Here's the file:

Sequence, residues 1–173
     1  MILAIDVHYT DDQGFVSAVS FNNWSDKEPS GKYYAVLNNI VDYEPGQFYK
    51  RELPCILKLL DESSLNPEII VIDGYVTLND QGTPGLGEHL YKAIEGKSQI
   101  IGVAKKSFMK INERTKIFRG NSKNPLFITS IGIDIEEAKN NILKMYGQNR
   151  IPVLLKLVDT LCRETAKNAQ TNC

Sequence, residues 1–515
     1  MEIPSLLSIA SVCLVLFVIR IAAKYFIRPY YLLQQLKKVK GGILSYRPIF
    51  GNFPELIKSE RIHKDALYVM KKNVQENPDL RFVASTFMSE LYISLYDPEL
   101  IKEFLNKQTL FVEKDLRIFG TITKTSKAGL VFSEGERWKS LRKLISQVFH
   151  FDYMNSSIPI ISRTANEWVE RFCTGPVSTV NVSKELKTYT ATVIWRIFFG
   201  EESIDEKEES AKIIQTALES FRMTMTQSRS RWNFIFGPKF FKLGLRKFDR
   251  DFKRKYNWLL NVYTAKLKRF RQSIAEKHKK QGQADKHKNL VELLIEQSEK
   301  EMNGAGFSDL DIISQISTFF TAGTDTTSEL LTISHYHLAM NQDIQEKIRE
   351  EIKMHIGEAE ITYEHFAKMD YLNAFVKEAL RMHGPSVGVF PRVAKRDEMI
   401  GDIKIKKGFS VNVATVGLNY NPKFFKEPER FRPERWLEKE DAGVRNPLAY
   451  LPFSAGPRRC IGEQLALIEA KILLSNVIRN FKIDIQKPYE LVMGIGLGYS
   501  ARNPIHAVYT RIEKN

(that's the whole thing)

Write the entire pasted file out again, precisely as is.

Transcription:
Sequence, residues 1–173
     1  MILAIDVHYT DDQGFVSAVS FNNWSDKEPS GKYYAVLNNI VDYEPGQFYK
    51  RELPCILKLL DESSLNPEII VIDGYVTLND QGTPGLGEHL YKAIEGKSQI
   101  IGVAKKSFMK INERTKIFRG NSKNPLFITS IGIDIEEAKN NILKMYGQNR
   151  IPVLLKLVDT LCRETAKNAQ TNC

Sequence, residues 1–515
     1  MEIPSLLSIA SVCLVLFVIR IAAKYFIRPY YLLQQLKKVK GGILSYRPIF
    51  GNFPELIKSE RIHKDALYVM KKNVQENPDL RFVASTFMSE LYISLYDPEL
   101  IKEFLNKQTL FVEKDLRIFG TITKTSKAGL VFSEGERWKS LRKLISQVFH
   151  FDYMNSSIPI ISRTANEWVE RFCTGPVSTV NVSKELKTYT ATVIWRIFFG
   201  EESIDEKEES AKIIQTALES FRMTMTQSRS RWNFIFGPKF FKLGLRKFDR
   251  DFKRKYNWLL NVYTAKLKRF RQSIAEKHKK QGQADKHKNL VELLIEQSEK
   301  EMNGAGFSDL DIISQISTFF TAGTDTTSEL LTISHYHLAM NQDIQEKIRE
   351  EIKMHIGEAE ITYEHFAKMD YLNAFVKEAL RMHGPSVGVF PRVAKRDEMI
   401  GDIKIKKGFS VNVATVGLNY NPKFFKEPER FRPERWLEKE DAGVRNPLAY
   451  LPFSAGPRRC IGEQLALIEA KILLSNVIRN FKIDIQKPYE LVMGIGLGYS
   501  ARNPIHAVYT RIEKN